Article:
In chapter 37, the author tells the Corinthians to serve as soldiers. Using the analogy of soldiering, he acknowledges differences in rank and function, but also says there is an advantage when there is a “blending” (sugkrasis) among, or between, the ranks.
He then uses the imagery of interdependence and mutuality within the body borrowed from Paul (1 Cor. 12), and the Corinthians are urged to submit to their neighbour.
Let us take the body as an example. The head without the feet is nothing, likewise, the feet without the head are nothing. Even the smallest parts of our body are necessary and useful to the whole body, yet all the members coalesce harmoniously and unite in mutual subjection, so that the whole body may be saved.
So in our case let the whole body be saved in Christ Jesus, and let each of us be mutually subject to our neighbour, in proportion to each one’s spiritual gift. (1 Clem. 37:5–38:1, Holmes’s transl.).
In these quotations, the author links submission with humility, unity, spiritual giftedness, and even salvation, but harmonious relationships appear to be the primary goal. I recommend reading 1 Clement 37–38 in context.
Mutual Submission in Ignatius’s Letter to the Magnesians
In around 110, Ignatius wrote a letter to the church at Magnesia. In one statement, he includes an instruction for submission to someone with authority, the bishop, as well as an instruction for mutual submission:
Submit to the bishop and to one another (Ign. Magn. 13:2).
The second phrase uses similar language to what Paul used in Ephesians 5:21: the Greek word meaning “to one another” (allēlois) in Magnesians 13:2 is identical to the word in Ephesians 5:21.
Ignatius goes on to give examples of submission and its aim.
… as Jesus Christ in the flesh was to the father, and as the apostles were to Christ and to the Father, that there may be unity, both physical and spiritual (Ign. Magn. 13:2, Holmes’s transl.).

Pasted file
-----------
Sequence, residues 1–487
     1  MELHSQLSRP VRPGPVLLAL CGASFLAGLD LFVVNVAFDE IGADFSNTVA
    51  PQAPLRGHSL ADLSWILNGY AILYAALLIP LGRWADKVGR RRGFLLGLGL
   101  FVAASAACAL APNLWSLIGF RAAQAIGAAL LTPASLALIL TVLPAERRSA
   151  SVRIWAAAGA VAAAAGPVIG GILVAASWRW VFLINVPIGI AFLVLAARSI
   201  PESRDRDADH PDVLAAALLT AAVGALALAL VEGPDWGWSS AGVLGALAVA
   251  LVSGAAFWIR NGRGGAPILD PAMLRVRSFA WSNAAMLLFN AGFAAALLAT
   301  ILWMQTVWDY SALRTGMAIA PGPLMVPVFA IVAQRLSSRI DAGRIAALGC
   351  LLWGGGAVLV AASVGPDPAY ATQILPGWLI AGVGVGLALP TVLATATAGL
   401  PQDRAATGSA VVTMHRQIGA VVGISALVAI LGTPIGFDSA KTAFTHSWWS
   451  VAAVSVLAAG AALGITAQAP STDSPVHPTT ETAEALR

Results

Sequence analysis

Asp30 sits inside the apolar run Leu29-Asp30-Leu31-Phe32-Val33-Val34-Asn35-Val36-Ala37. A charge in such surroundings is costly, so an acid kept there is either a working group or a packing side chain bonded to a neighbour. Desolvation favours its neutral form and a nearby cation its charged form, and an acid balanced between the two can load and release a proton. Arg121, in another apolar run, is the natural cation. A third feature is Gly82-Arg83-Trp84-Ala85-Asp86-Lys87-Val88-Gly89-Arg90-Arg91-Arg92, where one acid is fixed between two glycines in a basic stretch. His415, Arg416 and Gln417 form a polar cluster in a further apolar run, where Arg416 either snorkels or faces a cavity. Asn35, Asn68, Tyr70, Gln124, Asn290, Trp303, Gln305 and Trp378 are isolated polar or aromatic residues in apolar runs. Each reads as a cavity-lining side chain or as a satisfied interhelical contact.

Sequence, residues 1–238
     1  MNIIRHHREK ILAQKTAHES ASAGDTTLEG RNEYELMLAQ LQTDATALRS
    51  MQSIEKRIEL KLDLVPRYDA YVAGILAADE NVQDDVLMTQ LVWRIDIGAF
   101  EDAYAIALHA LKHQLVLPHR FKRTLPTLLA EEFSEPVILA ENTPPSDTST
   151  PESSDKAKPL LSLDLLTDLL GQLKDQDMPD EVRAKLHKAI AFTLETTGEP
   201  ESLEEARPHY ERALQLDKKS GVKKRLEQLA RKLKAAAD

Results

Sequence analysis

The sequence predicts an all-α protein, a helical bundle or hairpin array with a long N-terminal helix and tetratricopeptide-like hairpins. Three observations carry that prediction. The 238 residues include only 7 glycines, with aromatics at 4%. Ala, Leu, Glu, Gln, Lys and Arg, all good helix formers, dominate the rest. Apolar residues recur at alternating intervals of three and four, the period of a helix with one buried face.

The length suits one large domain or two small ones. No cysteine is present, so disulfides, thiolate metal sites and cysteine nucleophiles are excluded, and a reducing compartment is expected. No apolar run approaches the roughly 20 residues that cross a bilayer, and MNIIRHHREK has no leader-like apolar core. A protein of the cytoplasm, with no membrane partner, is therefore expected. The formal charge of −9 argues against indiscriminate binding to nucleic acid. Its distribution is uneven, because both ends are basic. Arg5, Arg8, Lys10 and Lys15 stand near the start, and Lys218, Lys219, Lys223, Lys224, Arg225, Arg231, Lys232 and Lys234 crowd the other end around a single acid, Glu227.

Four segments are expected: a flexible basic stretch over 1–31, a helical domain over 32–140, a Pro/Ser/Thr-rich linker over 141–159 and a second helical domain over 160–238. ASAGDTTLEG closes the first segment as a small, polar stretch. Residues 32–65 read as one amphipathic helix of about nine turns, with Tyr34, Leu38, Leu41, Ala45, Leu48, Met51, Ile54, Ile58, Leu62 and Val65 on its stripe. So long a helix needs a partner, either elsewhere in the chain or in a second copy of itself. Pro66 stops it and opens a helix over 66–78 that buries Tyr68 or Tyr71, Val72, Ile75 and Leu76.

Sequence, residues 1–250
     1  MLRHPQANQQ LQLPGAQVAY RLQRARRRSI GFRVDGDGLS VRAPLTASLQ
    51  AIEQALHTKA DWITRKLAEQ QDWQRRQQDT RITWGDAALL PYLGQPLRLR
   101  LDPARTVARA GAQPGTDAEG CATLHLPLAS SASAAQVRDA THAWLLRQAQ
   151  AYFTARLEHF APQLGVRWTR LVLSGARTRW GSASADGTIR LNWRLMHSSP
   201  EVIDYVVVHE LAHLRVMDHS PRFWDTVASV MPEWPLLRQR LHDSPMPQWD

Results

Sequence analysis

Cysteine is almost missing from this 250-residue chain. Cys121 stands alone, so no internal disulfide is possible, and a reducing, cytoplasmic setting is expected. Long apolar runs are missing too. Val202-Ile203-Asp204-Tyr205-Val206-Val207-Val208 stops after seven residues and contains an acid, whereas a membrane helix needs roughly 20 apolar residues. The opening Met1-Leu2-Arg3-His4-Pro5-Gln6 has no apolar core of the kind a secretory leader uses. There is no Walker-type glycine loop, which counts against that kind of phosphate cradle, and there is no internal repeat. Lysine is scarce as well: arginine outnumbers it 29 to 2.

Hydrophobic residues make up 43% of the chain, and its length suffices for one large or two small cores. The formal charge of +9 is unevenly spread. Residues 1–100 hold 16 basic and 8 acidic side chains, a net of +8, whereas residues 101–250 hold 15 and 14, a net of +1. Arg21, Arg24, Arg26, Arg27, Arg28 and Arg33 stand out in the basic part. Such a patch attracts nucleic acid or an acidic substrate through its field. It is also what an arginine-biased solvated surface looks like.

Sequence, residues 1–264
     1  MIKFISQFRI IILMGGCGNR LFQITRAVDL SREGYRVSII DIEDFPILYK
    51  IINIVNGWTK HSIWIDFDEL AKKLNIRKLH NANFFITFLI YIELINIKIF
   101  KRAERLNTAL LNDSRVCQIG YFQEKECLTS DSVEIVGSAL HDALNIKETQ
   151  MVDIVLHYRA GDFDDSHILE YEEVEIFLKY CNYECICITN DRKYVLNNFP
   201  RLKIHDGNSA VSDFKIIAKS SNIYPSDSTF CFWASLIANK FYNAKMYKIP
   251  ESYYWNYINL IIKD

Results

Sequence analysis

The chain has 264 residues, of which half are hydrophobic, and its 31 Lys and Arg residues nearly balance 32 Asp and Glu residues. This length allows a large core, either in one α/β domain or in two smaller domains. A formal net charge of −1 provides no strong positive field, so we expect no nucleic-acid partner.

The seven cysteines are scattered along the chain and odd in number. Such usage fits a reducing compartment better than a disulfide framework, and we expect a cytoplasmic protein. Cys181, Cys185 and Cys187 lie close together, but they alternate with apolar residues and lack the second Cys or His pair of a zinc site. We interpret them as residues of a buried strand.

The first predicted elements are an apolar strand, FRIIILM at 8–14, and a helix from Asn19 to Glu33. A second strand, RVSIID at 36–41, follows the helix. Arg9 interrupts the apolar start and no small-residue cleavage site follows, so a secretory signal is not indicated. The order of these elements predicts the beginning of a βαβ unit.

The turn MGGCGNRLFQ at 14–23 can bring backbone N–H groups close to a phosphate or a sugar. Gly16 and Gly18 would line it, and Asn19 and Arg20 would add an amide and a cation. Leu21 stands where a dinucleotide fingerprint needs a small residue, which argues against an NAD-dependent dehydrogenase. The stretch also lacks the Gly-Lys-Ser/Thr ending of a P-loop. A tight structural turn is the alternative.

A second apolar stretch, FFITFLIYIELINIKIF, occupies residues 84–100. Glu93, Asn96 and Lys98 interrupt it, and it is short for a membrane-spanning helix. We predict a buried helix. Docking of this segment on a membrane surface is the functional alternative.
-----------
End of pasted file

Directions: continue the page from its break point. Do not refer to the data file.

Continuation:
We can model our submission as to a person with a higher level of authority or social status (cf. Eph. 5:22), and it can still be mutual and reciprocated. The aim of Christian submission isn’t subordination but unity.
Mutual Submission in Polycarp’s Letter to the Philippians
Later in the first half of the second century, Polycarp wrote a letter to the Philippians and simply advised them, “All of you be submissive to one another …” (Pol. Phil. 10:2)
The author of 1 Clement (traditionally thought to be Clement the bishop of Rome), Ignatius (bishop of the church at Antioch) and Polycarp (bishop of the church at Smyrna) did not regard mutual submission as a myth. Instead, like Paul and Peter, they saw mutual submission as being vital for harmony and unity in the church (Eph. 5:21; 1 Pet. 5:5 NKJV).
Chrysostom on Mutual Service and Submission
John Chrysostom (archbishop of Constantinople between the years 398 and 405) was a native speaker of Greek. He understood Ephesians 5:21 to be about mutual, reciprocated submission and service, and he used the master-slave relationship to explain it.
Let there be an interchange of service and submission. For then there will be no such thing as slavish service. Let not one sit down in the rank of a freeman, and the other in the rank of a slave; rather it were better that both masters and slaves be servants to one another;—far better to be a slave in this way than free in any other. Homily 19 on Ephesians (Source: New Advent)
Chrysostom believed mutual service and submission would result in tasks being shared equitably, rather than some working harder than others. He wanted Christian masters and slaves to serve one another.
Unlike what some claim, submission is not necessarily to a person in authority. Moreover, three (or four) highly respected bishops of the Early Church recognised that mutual submission is beneficial for relationships within the church.
The Greek verb hypotassō can mean to be subordinate or be subject, but it need not have a harsh sense or a strong force especially among Christians where relationships are to be founded on love (John 13:34–35). Submission between Christians, including submission between Christian husbands and wives, should be characterised by humility, deference, cooperation, loyalty, and of course love.